- The Washington Times - Monday, May 25, 2009

GENEVA — The global economy’s troubles are unraveling public and private social-security networks worldwide, and programs in wealthy nations are the most threatened, international experts say.

Potentially crippling financial losses will require mending the social-security nets that cover millions of people with a combination of pensions, disability, family benefits, injury and compensation, unemployment and sickness insurance.

Further steps to protect people’s pension levels may be required, experts suggest, especially if people are close to retirement and their savings portfolios might not recover during their remaining active working life.

One of the consequences of the crisis is that in both the short and long term, the revenue bases of social-security safety nets is contracting, said Assane Diop, executive director for social protection at the International Labor Organization (ILO).

The ILO maintains that in order to protect retirees, “a minimum pension based on an assumed minimum rate of return has to be financed and or guaranteed by the state, hopefully for a transitional period.”

The Paris-based Organization for Economic Cooperation and Development (OECD) has put the estimated losses during 2008 at about $5 trillion just for private pension funds. Also, an ILO report highlights that public and private funds in the United States lost roughly $1 trillion or about 10 percent of their total assets.

In a similar vein, the ILO says in neighboring Canada, public and private pensions programs have lost, so far in 2009, about 10 percent of their assets — an amount equivalent to about 6 percent of the national gross domestic product (GDP).

In the United Kingdom, pension funds lost roughly 500 billion euros between October 2007 and October 2008, and in the world’s second biggest economy, Japan, private pension funds last year reported a loss of 20 percent of their assets, ILO analysts estimate and note “the downward trend continues.”

A recent survey of 47 social security institutions in 43 countries by the International Social Security Association (ISSA) estimates that pay-as-you-go programs experienced a negative performance with overall combined losses estimated at $225 billion in 2008.

“For some social-security funds, the loss represents as much as five years of investment income and around 25 percent of the net asset value of the fund,” the ISSA survey said.

However, the study also found that funds of social-security institutions in emerging countries generally notched a better investment performance than those in rich nations, where some funds had high exposure in equities.

The survey data also reveal that in 2008, Ireland’s National Pensions Reserve Fund (NPRF) program witnessed a decline of 29.5 percent in investment performance, France’s FRR a fall of 24.8 percent, Switzerland’s FC a decline of 18.2 percent.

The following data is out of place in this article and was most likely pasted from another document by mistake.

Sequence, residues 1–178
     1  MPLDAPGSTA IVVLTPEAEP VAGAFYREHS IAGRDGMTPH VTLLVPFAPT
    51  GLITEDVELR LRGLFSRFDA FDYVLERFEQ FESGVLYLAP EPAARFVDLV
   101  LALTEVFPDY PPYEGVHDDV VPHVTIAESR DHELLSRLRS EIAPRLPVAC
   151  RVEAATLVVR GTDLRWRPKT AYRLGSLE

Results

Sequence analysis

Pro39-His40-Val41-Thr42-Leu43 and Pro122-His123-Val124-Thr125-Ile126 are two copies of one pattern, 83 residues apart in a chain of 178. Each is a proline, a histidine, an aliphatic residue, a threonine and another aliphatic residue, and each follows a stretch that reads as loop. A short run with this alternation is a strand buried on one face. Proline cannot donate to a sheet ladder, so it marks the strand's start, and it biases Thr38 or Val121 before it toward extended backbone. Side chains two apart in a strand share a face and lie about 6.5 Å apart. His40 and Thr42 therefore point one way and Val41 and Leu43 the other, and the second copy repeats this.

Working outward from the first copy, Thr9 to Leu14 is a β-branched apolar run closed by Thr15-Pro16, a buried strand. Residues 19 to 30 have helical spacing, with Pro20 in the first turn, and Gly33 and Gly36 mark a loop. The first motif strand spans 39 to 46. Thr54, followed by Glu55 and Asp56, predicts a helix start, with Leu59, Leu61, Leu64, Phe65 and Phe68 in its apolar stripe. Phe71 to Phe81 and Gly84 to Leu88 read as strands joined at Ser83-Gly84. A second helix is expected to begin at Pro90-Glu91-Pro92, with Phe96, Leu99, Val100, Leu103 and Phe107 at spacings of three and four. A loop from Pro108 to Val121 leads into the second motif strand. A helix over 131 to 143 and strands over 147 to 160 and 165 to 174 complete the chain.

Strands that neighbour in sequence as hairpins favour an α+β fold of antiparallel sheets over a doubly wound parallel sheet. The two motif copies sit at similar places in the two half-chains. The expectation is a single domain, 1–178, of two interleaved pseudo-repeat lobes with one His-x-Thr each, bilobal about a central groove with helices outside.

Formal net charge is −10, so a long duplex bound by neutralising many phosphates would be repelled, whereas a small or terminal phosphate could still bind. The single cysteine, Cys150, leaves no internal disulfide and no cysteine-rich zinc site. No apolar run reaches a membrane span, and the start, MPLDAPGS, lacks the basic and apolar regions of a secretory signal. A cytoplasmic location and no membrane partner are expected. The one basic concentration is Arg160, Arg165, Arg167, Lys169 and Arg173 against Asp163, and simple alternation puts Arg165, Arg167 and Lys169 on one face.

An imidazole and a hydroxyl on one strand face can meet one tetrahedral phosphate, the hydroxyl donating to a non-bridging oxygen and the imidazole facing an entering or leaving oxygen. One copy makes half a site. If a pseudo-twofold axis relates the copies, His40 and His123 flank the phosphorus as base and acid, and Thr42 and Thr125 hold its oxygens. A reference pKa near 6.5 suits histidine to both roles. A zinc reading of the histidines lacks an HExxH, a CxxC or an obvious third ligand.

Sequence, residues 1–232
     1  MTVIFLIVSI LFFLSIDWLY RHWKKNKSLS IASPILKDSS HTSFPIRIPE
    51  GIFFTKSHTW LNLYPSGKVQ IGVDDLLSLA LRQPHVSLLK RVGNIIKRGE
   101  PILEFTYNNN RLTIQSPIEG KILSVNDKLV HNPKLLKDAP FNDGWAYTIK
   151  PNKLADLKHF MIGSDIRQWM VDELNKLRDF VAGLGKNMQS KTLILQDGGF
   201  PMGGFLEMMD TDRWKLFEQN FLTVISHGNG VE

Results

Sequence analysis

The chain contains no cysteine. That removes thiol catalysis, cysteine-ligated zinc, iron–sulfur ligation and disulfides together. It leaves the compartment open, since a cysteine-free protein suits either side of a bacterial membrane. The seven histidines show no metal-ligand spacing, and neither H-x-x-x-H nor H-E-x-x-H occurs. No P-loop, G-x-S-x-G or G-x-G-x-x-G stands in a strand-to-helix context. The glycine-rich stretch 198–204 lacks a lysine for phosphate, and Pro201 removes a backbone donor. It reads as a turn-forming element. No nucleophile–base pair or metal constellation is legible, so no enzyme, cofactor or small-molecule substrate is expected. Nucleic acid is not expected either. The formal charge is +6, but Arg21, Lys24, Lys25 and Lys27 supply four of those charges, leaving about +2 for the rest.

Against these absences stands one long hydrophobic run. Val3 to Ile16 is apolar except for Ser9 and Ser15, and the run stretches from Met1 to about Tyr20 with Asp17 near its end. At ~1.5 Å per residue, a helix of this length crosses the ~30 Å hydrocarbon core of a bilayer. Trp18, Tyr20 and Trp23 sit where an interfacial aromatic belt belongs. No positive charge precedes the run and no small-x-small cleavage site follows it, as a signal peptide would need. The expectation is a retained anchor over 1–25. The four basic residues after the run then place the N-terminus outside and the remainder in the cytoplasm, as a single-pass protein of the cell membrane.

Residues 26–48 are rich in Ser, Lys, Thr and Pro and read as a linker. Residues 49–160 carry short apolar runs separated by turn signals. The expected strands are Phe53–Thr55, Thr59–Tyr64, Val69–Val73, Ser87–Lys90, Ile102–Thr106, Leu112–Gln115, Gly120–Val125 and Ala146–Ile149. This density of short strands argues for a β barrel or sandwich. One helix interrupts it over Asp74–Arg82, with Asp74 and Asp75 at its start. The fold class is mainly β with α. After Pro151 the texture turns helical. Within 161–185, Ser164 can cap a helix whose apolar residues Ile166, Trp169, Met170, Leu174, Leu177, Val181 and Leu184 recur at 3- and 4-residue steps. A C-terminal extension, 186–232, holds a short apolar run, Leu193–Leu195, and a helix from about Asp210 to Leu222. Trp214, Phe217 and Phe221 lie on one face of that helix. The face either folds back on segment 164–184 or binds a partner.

By comparison, Brazil’s PenFunds experienced a fall of only 2.3 percent, while Mexico’s (IMSS) closed the year with an increase of 7.5 percent, and Thailand’s SSO also finished up 9.4 percent, the survey found.

ISSA analysts say the better investment performance of programs in emerging nations may be attributed to a number of reasons: national funds that cannot be invested abroad, investments concentrated in fixed assets or markets that were not seriously impacted by the crisis in 2008.

Helmut Schwarzer, secretary of social insurance at Brazil’s ministry of social insurance, told The Washington Times that supplementary pension funds in his country had some losses in stock-market investments but noted that investment in real estate in Brazil “did not fall the same way as they did in other countries.”

“Real estate in Brazil didn’t collapse. On the contrary, it continued to deliver good yield in terms of investment for the pension funds and public bonds were also stable,” he said.

Some lessons from the crisis, ISSA experts indicate, is that defined-benefit pensions — which are normally based on a formula of accrual rate, pensionable salary and length of employment — “attenuate the effects of the crisis [by] shielding benefits from adverse financial returns” compared with defined-contribution pensions — which are solely based on the amount contributed in the program plus investment return thereon.

Second-tier or pillar pensions, mainly defined-contribution arrangements, are being “hard-hit by the crisis, ISSA says, and argues in countries where they represent a large part of retirement income, there is a possibility that social security through basic old-age pensions or other welfare measures, may be called upon to replace part of the income loss incurred by second pillar pensions in the future.

Jean-Claude Menard, Canada’s chief actuary, said the Canadian retirement system with mixed funding approaches “is well-recognized in the world for its capacity to adapt rapidly to changing conditions.”

Looking ahead, Brazil’s Mr. Schwarzer said only a public pension system or only a private pension system “don’t do the job”

“You have to mix both systems. You need a public tier, and you need a private supplementary tier.”

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